degrees east to 133 degrees east.

Essentially a secret sea chart intended for the sole use of the V.O.C. [Dutch East India Company] and the pilots of their ships, and so showing only the briefest of geographical information on a 'need to know' basis. The chart would have been issued to the pilot at the beginning of his voyage, signed for by him, with the intention that it be returned to V.O.C. officials on completion of the voyage. In the case of this chart the return voyage seems to have been made under English command, and it is highly likely, given the inscription in English on the verso, that the pilot retained the map, explaining why this map remains outside the extensive archives of the V.O.C.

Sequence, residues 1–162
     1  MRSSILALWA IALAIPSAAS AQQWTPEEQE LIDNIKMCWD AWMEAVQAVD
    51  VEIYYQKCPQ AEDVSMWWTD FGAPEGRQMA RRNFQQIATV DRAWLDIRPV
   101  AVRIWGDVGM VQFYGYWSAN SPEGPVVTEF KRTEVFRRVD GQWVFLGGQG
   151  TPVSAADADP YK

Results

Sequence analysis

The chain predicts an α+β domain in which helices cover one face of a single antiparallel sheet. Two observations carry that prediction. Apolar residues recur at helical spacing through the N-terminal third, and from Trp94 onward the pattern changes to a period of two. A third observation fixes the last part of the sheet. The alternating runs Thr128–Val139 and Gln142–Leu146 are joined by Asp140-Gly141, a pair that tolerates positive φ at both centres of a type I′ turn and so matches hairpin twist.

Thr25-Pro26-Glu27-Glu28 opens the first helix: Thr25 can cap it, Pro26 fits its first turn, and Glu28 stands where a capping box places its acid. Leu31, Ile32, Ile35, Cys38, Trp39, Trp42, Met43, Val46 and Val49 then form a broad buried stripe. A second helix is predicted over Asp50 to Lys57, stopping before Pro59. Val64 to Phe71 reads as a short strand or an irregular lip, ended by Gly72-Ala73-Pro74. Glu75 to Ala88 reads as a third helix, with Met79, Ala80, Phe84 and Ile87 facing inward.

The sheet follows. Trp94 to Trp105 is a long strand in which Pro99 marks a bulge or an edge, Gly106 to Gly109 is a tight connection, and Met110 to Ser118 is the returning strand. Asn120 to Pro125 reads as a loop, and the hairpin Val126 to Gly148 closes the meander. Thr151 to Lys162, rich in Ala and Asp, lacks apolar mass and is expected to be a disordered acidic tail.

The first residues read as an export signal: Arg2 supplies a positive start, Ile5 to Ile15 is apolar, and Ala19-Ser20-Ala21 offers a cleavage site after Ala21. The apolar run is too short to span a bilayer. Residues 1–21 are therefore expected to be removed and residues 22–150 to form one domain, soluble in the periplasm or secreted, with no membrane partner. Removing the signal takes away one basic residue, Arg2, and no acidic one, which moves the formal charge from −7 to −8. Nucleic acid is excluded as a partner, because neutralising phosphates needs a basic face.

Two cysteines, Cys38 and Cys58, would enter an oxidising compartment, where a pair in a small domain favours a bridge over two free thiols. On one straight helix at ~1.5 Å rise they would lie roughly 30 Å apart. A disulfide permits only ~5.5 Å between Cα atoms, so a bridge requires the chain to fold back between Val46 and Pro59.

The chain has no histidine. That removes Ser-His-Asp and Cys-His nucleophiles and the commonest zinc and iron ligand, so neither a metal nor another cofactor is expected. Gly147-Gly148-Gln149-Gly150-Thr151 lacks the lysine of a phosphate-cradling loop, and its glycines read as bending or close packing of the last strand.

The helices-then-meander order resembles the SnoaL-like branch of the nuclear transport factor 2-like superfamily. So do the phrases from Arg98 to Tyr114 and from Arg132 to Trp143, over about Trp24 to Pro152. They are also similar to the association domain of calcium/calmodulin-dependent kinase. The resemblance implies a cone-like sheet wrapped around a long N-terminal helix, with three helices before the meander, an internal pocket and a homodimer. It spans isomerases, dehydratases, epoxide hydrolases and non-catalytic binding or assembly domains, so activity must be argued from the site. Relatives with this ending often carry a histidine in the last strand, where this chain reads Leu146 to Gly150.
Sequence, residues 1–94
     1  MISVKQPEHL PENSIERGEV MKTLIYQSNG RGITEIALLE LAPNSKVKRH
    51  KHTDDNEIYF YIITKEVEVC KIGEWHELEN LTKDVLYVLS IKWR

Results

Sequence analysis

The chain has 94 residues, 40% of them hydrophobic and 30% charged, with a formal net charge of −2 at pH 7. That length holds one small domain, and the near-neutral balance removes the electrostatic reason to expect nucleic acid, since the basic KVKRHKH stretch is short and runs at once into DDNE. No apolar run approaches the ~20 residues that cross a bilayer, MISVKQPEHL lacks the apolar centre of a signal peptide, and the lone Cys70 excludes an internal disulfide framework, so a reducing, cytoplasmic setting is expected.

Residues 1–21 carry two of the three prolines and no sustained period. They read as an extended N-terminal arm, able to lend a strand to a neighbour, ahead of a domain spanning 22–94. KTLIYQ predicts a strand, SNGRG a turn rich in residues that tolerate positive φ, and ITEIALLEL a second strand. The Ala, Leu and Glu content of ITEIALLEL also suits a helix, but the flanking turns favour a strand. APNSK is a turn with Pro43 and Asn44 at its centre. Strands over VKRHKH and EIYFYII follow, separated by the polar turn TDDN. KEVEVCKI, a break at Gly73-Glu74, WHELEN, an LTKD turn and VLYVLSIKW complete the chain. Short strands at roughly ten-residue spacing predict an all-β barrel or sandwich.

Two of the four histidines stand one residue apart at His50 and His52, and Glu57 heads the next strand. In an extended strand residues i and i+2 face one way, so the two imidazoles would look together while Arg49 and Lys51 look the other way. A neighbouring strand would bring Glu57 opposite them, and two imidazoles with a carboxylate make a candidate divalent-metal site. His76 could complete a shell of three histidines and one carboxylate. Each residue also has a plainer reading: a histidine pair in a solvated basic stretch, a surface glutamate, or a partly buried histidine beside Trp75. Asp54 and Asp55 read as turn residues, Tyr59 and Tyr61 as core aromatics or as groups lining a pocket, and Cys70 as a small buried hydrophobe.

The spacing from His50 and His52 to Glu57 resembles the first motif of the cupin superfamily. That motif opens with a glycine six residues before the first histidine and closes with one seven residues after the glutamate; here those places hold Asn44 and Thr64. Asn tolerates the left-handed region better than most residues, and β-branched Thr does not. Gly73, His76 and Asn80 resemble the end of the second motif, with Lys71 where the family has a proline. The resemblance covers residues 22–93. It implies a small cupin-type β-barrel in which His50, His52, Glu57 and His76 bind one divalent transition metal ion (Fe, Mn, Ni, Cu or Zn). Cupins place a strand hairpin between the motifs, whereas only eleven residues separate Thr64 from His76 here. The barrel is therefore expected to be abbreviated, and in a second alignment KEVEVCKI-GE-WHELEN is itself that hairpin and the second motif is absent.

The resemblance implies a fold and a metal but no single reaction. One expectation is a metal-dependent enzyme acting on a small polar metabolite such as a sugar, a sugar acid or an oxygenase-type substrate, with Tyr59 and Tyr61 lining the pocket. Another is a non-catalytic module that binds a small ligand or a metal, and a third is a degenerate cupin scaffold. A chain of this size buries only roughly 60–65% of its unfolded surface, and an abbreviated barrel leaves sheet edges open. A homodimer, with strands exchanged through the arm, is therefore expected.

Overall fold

A close consultation of the V.O.C. archives shows that they do not have a record of a vessel making the voyage that corresponds with the dates plotted on this map. According to Dr. Jeremy Green, Head of Marine Archeology at the Museum of Western Australia this "suggests that this was a very unusual vessel involved in the inter-regional trade, meaning a vessel that operated within the Indies, not what was called a retourschip that sailed between the Netherlands and the Indies and back. These inter-Asian vessels were thought only to travel between the factories in Asia, ranging from Hormuz in the West to Nagasaki in the East. We only recently discovered that there was also a trade between Batavia and the Cape, which carried supplies and often called in at Mauritius ...These voyages have not been recorded in the way the retourschips have"